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Despite Strong Consumer Sentiment, Financial Factors Weigh on Spending

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People may be more optimistic about their finances and/or the economy in general, but that doesn’t mean they’ve given up on reining in their holiday spending or planning for the future.

So says a study from Edward Jones, which finds instead that how much people spend will still be subject to economic trends. In fact, 42% of respondents said that they’d change their holiday budgets by taking into account external factors including tax cuts, rising interest rates, recent tariffs and market volatility.

Although they’re not becoming Scrooges for the season—64% say they’ll be spending as much or more than they did last year—they’re not exactly throwing caution to the winds, either. Some of those concerns are causing 38% to say that paying down existing debt is a higher priority than saving or paying for holiday purchases; just 30% reversed those priorities.

And 68% intend to shop out of their checking accounts, instead of on credit, with 46% saying they’ll use coupons and special deals to cut down on what they spend.

“There were a number of market events in 2018 that prompted investors to potentially reassess their finances,” Scott Thoma, principal and retirement strategist at Edward Jones, said in a statement.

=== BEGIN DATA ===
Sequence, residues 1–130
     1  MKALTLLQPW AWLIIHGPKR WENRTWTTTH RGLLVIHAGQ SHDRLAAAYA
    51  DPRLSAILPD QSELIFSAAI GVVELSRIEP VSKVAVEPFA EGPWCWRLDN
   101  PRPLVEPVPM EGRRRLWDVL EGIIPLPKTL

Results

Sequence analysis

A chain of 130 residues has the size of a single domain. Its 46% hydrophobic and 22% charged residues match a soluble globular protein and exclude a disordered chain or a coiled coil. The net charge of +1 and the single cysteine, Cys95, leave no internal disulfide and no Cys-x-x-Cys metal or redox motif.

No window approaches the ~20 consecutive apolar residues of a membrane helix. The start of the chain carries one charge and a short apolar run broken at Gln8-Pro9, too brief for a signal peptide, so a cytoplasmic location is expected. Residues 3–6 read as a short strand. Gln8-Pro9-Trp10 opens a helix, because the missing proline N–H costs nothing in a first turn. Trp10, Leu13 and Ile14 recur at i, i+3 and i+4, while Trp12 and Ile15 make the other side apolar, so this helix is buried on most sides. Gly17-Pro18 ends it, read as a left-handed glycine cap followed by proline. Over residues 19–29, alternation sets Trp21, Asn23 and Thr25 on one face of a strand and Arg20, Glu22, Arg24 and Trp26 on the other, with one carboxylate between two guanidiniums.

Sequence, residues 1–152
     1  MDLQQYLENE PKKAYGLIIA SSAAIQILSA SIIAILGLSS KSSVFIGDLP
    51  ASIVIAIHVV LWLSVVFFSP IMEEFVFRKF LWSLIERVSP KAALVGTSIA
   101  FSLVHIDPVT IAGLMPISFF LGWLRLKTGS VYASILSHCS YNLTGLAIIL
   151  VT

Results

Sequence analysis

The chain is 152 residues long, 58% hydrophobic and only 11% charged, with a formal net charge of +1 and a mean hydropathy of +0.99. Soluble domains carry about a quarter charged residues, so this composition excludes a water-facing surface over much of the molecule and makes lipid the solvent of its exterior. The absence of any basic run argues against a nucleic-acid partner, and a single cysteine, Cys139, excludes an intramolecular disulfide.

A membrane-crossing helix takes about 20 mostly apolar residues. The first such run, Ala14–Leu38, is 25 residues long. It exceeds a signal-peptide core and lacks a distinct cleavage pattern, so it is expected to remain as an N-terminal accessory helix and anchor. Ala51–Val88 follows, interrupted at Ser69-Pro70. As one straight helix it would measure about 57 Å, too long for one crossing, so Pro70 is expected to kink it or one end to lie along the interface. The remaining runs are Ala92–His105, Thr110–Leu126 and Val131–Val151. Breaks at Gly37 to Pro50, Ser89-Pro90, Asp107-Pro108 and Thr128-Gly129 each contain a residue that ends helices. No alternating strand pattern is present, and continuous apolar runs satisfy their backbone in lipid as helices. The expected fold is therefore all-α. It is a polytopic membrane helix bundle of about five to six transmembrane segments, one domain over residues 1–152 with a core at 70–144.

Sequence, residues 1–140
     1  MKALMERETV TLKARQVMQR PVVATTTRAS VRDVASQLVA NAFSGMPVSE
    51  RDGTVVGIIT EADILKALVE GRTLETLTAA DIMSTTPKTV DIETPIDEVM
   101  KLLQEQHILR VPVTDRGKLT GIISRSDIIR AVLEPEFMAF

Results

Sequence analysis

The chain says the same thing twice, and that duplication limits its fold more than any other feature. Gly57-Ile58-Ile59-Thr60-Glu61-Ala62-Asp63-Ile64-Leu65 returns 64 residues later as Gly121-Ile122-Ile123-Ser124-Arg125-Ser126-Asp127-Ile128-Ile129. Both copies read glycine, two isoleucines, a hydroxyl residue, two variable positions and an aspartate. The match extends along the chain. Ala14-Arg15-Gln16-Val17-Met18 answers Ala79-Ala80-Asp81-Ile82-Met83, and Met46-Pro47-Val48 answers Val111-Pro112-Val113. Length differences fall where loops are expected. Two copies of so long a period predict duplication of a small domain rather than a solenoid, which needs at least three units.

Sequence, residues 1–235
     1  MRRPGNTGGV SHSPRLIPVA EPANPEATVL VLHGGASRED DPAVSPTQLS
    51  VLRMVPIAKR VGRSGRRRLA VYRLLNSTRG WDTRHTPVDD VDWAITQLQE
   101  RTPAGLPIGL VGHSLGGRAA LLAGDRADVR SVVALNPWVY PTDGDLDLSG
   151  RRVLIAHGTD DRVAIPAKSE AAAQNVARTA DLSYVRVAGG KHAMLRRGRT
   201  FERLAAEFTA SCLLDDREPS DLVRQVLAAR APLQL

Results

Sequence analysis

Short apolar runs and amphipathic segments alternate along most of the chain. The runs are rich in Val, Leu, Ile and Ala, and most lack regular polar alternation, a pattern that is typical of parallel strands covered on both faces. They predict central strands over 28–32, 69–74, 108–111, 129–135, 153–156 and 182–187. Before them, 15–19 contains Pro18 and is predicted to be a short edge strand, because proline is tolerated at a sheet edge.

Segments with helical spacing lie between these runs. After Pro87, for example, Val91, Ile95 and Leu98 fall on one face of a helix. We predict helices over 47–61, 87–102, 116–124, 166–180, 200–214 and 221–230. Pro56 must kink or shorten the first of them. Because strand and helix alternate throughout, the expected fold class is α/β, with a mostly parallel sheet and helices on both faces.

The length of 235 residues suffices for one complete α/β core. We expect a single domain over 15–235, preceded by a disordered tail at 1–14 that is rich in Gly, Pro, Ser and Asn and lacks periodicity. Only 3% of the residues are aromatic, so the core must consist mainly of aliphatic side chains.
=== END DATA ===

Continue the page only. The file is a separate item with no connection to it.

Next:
Thoma added, “While recent volatility may not have a lasting impact on investors’ portfolios, it’s encouraging to see they are taking a step back and ensuring they remain on track for their financial goals, and potentially updating their holiday spending budgets accordingly.”

It might be surprising to learn that 56% of Americans say they’d rather spend an hour reviewing their financial plan with a professional rather than stand in the checkout line waiting to purchase a gift. And 48% would rather have a $1,000 investment portfolio of stocks and bonds rather than $1,000 in material items such as new clothes, video games and entertainment systems.


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